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Bulldogs offer NRL refereeing solutions
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Filled in: NRL News | 18/9/2012 at 7:40pm

Minor premiers Canterbury offered their own solutions to the refereeing crisis gripping the NRL finals as the two men responsible for the latest gaffe paid the ultimate price on Tuesday.

Video referees Steve Clark and Paul Simpkins were both dumped for this weekend’s preliminary finals after incorrectly awarding a crucial try to Manly in their win over North Queensland on Friday night.

The latest in a long line of blunders from the officials in the box – it prompted the Bulldogs to take time out from their preparations for Saturday night’s blockbuster against South Sydney to offer up possible cures.

Coach Des Hasler wants the on-field officials to be the video reviewers as is the case in the NFL, while skipper Michael Ennis wants referees co-coaches Bill Harrigan and Stuart Raper to take up the hot seat in the box.

“The buck seems to be stopping with Bill and Stuart Raper, so maybe it mightn’t be a bad idea if one of those guys were in the box with the video ref on Friday and Saturday night,” Ennis said.

“I’m sure the NRL have a budget there that could fly them down to Melbourne and back to Sydney on Saturday.”

Ennis downplayed fears a refereeing error could end his side’s season.

The Cowboys trailed just 16-12 before the Michael Oldfield try off the back of a knock-on from Kieran Foran.

“You’ve got to be good enough throughout the whole contest, through the 80 minutes, to try and eliminate whether an error from a referee or from your own team can crucify you,” Ennis said.

“There’s a lot of scrutiny on the refs at the moment and they’re doing the best they can.

“The hard thing for them is there are so many areas that just aren’t black and white – it does come down to opinion and it shouldn’t come down to that.”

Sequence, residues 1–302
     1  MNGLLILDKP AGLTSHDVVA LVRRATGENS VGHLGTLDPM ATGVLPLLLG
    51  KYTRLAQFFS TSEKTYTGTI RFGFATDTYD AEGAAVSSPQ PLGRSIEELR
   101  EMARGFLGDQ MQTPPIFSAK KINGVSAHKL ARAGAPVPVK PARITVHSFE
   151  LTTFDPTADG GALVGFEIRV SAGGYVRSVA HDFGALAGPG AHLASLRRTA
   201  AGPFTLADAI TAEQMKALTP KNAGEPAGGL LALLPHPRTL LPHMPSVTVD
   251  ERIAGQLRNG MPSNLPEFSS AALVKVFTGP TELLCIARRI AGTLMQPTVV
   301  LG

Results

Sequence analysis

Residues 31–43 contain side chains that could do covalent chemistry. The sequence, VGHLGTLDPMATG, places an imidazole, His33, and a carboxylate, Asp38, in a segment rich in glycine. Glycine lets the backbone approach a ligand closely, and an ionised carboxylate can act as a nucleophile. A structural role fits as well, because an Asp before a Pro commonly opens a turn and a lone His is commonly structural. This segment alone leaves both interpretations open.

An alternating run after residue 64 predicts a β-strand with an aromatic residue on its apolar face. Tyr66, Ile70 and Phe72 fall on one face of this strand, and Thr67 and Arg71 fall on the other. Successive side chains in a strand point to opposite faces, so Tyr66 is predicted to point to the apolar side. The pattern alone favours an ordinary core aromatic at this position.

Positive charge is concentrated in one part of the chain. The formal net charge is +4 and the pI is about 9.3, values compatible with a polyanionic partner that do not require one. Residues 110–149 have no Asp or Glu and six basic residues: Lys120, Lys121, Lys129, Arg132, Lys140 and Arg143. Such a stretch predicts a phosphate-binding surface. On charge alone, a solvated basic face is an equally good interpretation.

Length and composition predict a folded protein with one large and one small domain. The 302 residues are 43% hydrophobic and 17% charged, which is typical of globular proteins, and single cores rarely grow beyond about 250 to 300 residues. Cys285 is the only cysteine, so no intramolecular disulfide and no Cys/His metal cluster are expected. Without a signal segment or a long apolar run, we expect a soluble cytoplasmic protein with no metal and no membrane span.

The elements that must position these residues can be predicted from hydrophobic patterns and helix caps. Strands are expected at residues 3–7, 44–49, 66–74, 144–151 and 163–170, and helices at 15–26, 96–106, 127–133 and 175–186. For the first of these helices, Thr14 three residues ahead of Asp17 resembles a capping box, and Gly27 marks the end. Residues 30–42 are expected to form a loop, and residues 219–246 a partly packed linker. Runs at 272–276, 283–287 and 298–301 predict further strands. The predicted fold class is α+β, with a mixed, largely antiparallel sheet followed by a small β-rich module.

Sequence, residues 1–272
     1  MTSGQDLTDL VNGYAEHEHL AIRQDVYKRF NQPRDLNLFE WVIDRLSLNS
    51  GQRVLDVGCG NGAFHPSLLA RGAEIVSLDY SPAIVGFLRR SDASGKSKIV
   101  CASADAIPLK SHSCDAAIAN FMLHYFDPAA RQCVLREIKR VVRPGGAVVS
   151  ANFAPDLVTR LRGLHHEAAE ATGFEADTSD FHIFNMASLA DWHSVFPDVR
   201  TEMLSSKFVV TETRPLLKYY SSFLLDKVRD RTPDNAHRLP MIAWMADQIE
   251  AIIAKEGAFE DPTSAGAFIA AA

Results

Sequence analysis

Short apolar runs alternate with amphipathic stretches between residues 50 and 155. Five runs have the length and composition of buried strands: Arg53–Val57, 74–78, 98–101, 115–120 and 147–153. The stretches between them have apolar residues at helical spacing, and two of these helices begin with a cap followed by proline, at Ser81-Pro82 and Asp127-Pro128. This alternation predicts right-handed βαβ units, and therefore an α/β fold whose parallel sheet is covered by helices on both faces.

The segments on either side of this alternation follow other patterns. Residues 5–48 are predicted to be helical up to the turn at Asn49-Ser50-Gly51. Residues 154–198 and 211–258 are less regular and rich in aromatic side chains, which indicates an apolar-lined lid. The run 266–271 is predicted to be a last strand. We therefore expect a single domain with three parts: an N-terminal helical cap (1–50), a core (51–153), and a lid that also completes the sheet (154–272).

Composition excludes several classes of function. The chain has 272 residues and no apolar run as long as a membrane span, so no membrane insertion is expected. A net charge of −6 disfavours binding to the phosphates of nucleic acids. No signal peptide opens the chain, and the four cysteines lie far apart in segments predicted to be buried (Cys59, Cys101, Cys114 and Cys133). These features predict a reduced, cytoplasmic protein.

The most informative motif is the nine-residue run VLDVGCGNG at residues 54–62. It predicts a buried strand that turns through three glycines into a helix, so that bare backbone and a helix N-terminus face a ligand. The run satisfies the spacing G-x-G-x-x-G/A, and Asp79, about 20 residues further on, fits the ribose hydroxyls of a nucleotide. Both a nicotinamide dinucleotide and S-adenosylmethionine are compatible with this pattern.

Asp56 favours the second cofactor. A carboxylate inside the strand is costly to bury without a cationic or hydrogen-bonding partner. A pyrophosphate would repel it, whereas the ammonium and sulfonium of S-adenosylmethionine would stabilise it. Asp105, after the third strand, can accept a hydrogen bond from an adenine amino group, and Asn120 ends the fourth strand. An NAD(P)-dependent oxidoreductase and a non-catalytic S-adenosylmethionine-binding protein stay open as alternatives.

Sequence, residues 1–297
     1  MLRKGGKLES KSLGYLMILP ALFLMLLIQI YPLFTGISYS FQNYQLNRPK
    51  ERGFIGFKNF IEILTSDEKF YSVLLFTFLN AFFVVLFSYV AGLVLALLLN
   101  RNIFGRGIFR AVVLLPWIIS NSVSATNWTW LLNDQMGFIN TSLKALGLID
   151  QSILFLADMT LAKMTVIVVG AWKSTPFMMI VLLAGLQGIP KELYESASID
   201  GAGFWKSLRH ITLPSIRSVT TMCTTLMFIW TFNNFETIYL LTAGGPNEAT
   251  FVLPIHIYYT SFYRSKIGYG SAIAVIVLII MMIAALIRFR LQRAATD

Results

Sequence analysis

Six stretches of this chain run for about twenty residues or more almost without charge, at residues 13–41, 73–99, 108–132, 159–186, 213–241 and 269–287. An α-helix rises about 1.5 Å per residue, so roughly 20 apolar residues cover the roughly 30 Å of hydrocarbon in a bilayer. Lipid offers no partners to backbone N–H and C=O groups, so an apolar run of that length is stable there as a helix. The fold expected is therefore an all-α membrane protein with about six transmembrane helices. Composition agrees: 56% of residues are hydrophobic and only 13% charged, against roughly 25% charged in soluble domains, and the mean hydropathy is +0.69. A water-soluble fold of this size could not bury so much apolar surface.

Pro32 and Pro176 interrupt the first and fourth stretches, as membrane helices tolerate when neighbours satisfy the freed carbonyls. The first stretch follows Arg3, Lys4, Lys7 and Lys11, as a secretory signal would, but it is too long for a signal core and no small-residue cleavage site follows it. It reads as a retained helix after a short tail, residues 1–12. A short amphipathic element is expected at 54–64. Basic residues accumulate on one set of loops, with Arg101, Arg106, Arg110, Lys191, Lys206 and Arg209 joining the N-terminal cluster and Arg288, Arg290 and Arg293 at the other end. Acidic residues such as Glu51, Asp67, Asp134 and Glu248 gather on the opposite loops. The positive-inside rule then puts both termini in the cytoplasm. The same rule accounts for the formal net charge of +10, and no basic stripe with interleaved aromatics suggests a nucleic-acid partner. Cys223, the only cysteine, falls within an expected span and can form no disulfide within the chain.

Ever the one to think outside the box, Hasler wanted the video referees abolished in favour of the on-field referees utilising a replay screen on the sideline.

It is a system used in the NFL, Hasler adamant the disruption to the game would be minimal.

The two-time premiership-winning coach said he approached former NRL chief executive David Gallop and then chief operating officer Graham Annesley about the idea several years ago – with cost the prohibitive factor in its rejection.

“If we keep the video referee, then the only ones judging the video referee should be the (on-field) referees,” Hasler said.

“Somehow we’ve got to set up the vision on the sideline for the two referees to go and look at the vision themselves. Let them make the call.

“They’re exposed to it the most, they’re there in the moment, they do all the work during the week.

“That also removes all benefit of the doubt and it’s up to them.

“If they get it wrong, they get it wrong and we move on.

“You see it happening in the NFL and it works really well, we won’t waste any more time than what we’re doing at the moment with the normal video referee and they’ve got a better feel for it.”

Hasler also said that in his conversations with referees, the concept had received plenty of support.

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